a fire-spark in my throat, I, going over to the sign of the Cup and Can for one pennyworth of ale, there I found sir John, and thinking no hurt to any man, civilly sat me down to spend my twopence; but in the end, sir John began to pick a quarrel with me. Then I started up, thinking to go away; but sir John had got me by the top of the head, that I had no power to help myself, and so by bis strength and power he threw me down, broke my head, my face, and almost all my bones, that I was not able to work for three days; nay, more than this, he picked my purse, and left me never a penny, so that I had not wherewithal to support my family, and my head ached to such a degree, that I was not able to work for three or four days; and this set my wife a scolding, so that I not only lost the good opinion my neighbours had of me, but likewise raised such a storm in my family, that I was forced to call in the parson of the parish to quiet the raging of my wife's temper.

IVill, the Weaver.—I am but a poor man, and have a wife and a charge of children: yet this knowing sir John will never let me alone; he is always enticing me from my work, and will not be quiet till he hath got me to the alehouse; and then he quarrels with me, and abuses me most basely; and sometimes he binds me hand and foot, and throws me in the ditch, and there stays with me all night, and next morning leaves me but one penny in my pocket. About a week ago, we had not been together above an hour, before he began to give me cross words: at our first meeting, he seemed to have a pleasant countenance, and often smiled in my face, and would make me sing a merry catch or two; but in a little time, he grew very churlish, and kicked up my heels, set my head where my heels should be, and put my shoulder out, so that I have not been able to use my shuttle ever since, which has been a great detriment to my family, and great misery to myself.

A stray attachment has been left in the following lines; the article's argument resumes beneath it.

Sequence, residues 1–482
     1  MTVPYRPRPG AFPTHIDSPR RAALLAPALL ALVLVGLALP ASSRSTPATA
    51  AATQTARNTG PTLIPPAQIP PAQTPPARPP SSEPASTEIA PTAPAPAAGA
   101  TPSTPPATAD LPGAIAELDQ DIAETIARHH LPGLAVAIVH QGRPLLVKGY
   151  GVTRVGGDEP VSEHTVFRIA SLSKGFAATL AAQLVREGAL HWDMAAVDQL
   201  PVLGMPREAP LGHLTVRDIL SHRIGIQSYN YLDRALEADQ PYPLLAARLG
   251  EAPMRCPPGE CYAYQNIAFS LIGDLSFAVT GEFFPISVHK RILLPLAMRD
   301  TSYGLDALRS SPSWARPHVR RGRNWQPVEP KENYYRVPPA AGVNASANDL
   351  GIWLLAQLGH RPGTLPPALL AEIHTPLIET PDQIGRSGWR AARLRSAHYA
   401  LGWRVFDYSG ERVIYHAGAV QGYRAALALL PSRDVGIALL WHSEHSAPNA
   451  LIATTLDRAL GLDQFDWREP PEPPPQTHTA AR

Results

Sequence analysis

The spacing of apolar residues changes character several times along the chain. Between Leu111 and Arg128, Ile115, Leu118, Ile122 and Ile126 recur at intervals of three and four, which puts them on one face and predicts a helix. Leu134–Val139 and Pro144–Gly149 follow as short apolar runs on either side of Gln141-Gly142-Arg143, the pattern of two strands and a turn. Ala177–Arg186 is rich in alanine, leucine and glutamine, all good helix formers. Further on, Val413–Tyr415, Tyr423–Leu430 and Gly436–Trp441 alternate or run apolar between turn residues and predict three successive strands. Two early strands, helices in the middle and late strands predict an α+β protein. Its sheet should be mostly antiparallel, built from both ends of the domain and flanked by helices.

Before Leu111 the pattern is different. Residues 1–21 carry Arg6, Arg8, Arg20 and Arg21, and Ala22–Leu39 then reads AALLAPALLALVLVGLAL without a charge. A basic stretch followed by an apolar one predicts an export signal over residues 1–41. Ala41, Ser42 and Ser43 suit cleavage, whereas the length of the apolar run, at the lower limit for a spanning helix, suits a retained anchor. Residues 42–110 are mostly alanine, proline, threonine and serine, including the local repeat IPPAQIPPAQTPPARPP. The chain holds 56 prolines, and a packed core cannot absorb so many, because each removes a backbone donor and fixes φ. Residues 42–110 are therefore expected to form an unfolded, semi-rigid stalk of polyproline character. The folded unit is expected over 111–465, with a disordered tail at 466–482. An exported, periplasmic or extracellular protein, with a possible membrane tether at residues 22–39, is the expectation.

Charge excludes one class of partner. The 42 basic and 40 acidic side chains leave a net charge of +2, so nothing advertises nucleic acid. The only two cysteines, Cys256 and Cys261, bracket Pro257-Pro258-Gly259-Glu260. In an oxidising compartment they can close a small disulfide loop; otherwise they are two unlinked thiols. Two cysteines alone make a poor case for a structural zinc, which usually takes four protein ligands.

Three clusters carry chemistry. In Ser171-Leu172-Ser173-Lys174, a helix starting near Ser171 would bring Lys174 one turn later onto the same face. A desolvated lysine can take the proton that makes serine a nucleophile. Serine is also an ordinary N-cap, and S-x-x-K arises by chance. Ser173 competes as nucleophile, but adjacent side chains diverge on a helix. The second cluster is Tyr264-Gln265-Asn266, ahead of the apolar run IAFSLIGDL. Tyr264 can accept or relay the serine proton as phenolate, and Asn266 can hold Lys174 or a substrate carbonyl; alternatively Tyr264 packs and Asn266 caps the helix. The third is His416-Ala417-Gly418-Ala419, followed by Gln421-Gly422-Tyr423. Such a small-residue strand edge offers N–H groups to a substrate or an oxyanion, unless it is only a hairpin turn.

Stitch, the Tailor, deposed to the same effect.

Mr. Wheatly.—The inconveniencies I have received from the prisoner are without number, and the trouble he occasions in the neighbourhood is not to be expressed. I am sure I have been oftentimes very highly esteemed both with lords, knights, and squires, and none could please them so well as James Wheatly, the baker; but now the case is altered; Sir John Barleycorn is the man that is highly esteemed in every place, I am now but poor James Wheatly, and he is Sir John Barleycorn at every word; and that word hath undone many an honest man in England; for I can prove it to be true, that he has caused many an honest man to waste and consume all that he hath.